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Tag Archives: Gluten-free

Beginning the Search for Gluten-Free Pumpkin Bread

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Today, I tried two gluten-free recipes for pumpkin bread.

The first one was from Dr. Axe. The only thing I changed in this recipe was I substituted safflower oil for the melted coconut oil.  I didn’t want my pumpkin bread to have a coconut taste.  Since it already had a bit of coconut flour, I opted to use something else for coconut oil.  I didn’t substitute another kind of flour for the coconut flour because the reading I have done suggests you need at least some of that for texture. I used 3 eggs, and I omitted the pumpkin spice.

When you mix this together, it is a very heavy/dense liquid, not like my typical recipe.

The good:

  • It doesn’t taste “gluten-free”
  • The loaf is solid and baked evenly
  • It was easy to make
  • It came out of the pan easily after about 10 minutes. (I sprayed with PAM.)

The less than good:

  • It was slightly overdone. I baked it at 350 for 45 minutes. (I used Pampered Chef stoneware loaf pans.) I think I could have baked it less than the 45 minutes at a lower temperature (325,) but that could just be my oven.  Every oven is different.  I will try 50 minutes at 325 next time I make it.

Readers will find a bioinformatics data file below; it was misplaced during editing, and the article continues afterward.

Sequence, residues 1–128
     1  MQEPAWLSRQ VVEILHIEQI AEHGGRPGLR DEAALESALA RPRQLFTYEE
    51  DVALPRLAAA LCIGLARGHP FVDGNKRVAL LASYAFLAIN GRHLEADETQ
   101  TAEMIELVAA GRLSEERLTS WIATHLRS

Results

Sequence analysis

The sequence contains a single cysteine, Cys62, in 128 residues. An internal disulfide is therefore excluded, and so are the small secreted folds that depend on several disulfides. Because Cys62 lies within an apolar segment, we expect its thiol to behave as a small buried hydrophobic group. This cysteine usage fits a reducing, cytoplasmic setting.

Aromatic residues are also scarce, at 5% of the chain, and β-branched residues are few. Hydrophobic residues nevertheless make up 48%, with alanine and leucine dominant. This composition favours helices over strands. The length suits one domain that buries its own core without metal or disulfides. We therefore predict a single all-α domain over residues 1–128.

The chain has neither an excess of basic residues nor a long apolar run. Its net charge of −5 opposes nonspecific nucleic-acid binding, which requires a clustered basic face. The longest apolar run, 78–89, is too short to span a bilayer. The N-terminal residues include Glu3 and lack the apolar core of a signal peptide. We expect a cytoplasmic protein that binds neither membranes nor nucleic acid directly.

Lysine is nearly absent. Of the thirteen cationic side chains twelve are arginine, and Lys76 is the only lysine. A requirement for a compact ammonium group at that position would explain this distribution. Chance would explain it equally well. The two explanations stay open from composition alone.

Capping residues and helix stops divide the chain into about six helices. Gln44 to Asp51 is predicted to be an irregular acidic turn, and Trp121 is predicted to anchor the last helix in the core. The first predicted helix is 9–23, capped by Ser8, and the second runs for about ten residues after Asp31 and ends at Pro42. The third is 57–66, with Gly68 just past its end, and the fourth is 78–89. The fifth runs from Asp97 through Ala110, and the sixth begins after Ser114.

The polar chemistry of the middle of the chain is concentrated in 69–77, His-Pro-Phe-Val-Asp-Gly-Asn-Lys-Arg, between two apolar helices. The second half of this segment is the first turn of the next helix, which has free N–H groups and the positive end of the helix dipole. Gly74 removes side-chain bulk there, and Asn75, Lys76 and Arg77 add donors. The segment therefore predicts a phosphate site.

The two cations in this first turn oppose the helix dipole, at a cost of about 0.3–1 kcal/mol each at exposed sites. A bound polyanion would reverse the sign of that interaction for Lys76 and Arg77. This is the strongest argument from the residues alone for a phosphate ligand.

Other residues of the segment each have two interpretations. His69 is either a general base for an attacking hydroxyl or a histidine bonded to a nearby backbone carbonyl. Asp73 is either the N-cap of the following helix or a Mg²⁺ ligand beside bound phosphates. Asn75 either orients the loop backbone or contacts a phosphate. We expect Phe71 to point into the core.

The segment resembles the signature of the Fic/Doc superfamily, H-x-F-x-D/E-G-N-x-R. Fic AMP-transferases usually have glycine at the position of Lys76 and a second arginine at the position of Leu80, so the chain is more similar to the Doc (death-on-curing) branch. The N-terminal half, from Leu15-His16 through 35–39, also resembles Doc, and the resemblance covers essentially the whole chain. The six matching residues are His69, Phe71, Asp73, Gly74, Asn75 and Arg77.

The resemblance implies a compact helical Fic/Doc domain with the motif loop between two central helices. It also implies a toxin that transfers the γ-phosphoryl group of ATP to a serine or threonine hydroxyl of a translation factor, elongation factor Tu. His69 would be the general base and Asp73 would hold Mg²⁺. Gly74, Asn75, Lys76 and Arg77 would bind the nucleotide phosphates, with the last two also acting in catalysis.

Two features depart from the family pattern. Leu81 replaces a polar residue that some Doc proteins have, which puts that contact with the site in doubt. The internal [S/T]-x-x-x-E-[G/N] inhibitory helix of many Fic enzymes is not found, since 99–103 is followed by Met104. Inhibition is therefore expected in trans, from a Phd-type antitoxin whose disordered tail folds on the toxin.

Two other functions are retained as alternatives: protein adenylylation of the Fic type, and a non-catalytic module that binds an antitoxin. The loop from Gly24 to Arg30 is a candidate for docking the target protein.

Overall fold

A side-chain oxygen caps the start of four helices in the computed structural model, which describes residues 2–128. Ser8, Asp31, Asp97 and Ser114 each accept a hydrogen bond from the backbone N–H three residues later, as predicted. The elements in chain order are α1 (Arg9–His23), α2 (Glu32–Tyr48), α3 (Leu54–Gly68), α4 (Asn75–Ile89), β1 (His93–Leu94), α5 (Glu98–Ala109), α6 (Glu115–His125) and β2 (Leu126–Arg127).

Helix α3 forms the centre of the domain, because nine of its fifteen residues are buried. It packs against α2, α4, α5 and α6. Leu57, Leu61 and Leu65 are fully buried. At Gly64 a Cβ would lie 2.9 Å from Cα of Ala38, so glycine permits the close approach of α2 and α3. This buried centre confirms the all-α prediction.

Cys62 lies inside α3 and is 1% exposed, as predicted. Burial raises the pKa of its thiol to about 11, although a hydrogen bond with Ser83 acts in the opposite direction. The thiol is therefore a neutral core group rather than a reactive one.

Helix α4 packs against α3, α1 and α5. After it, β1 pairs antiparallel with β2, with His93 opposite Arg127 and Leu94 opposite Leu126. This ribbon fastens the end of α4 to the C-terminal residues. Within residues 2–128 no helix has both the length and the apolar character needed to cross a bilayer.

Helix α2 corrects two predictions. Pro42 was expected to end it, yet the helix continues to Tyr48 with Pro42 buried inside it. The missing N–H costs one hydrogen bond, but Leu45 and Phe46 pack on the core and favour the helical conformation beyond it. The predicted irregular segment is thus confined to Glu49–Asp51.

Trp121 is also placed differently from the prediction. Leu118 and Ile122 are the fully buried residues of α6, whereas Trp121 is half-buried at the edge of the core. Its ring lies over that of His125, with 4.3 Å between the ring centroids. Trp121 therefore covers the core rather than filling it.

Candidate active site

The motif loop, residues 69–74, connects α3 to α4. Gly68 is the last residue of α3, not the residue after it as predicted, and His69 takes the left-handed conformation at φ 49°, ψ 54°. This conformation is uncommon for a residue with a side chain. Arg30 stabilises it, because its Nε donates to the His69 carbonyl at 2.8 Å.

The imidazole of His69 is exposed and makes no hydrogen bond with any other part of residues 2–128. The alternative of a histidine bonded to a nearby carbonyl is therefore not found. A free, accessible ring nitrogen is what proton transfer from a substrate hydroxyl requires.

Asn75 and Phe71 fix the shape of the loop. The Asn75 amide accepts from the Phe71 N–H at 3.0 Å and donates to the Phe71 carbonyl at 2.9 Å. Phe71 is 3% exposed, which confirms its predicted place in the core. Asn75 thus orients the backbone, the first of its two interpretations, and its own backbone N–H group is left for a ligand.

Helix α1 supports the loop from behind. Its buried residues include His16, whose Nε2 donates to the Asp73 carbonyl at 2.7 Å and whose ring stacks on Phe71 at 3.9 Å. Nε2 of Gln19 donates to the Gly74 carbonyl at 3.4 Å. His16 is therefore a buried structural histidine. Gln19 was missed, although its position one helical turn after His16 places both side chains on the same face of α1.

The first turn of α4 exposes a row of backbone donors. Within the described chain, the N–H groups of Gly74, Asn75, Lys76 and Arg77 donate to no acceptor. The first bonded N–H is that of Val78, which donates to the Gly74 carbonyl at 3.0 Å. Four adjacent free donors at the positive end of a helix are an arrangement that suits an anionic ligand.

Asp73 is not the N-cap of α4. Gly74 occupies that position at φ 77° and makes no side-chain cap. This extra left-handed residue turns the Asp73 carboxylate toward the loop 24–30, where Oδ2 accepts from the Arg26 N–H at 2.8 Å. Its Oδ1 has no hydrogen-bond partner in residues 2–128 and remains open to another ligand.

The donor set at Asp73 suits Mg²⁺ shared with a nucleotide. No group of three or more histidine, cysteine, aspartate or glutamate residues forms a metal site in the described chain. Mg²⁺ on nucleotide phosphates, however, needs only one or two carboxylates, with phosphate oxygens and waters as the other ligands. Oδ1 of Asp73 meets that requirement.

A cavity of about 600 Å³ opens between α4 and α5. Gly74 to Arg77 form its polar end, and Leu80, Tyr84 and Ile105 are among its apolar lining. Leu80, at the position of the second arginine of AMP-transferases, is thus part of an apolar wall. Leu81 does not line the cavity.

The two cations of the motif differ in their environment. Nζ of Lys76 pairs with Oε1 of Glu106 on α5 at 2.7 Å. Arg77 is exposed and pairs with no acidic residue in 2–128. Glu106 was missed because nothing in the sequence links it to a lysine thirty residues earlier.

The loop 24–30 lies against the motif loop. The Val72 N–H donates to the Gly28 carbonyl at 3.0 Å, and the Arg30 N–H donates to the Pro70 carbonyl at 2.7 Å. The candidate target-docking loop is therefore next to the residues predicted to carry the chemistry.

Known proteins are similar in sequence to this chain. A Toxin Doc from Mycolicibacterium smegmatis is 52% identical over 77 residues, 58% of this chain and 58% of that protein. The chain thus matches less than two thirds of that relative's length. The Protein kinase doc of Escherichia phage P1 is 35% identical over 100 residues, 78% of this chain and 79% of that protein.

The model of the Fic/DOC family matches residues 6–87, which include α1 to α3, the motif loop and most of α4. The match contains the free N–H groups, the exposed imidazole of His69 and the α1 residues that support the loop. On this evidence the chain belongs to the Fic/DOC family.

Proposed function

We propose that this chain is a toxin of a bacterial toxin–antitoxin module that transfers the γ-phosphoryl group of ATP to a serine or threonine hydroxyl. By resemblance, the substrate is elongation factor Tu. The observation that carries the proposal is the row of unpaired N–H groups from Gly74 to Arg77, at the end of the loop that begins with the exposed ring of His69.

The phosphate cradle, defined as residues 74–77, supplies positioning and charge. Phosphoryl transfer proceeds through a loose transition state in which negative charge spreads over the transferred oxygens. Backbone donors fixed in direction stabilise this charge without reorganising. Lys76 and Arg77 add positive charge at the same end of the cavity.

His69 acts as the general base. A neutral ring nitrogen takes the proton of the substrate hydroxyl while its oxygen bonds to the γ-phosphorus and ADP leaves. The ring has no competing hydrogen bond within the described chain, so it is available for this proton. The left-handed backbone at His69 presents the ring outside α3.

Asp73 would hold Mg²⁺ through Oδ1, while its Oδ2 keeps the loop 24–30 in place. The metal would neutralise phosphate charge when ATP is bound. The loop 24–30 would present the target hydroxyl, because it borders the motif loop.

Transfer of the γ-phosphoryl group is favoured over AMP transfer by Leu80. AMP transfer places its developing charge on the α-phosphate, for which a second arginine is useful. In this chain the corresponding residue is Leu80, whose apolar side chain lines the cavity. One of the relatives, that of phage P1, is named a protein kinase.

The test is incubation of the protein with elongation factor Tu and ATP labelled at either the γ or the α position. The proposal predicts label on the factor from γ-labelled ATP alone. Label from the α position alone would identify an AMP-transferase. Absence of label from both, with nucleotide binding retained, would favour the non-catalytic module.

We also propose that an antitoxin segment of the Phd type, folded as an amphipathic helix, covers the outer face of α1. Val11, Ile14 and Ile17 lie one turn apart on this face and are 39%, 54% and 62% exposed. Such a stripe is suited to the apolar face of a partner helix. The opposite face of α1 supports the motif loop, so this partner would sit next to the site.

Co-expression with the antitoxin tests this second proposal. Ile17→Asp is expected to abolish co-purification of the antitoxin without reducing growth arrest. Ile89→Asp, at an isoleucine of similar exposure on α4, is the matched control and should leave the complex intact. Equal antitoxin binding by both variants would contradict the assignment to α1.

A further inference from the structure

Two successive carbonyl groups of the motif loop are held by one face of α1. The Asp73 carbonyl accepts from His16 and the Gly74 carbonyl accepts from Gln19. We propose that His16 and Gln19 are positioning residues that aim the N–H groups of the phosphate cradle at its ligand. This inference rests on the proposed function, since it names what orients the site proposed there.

• With only ¼ cup of maple syrup for flavoring, this bread is less sweet than I am used to. While that might be good for my diet, I think I would prefer it a little sweeter.  I’m not sure how that would affect the consistency.  It requires experimentation. I might try ½ cup of brown sugar or ¼ maple syrup with ¼ brown sugar.  I like mixing sugars.

The second recipe is from Sweet Phi.

The good:

  • It tastes good. It is just sweet enough.  Having said that, my own original, flour recipe called for a mix of white and brown sugar, and I think I’ll do that with this recipe next time.
  • The loaf is baked evenly and rose higher.
  • It came out of the pan easily.
  • It was easy to make.

The less than good:

  • This loaf tastes undercooked even though the sweetness and pumpkin taste are good. It is much too soft and mushy. I don’t know if this is because it needs to cook more slowly, like I suggested for the above recipe, or because it needs more flour.  Based on my previous experience in using Einkorn Flour to bake, I will add an extra ¼ cup of almond flour the next time I make this. I will also reduce the temperature to 325 when baking.

Both of these are edible and so, overall, my experiment was a success.  I will probably try both recipes again the next time, making the adjustments I mentioned.

Now, here’s hoping the gluten-free sugar cookies I am baking tomorrow turn out as well.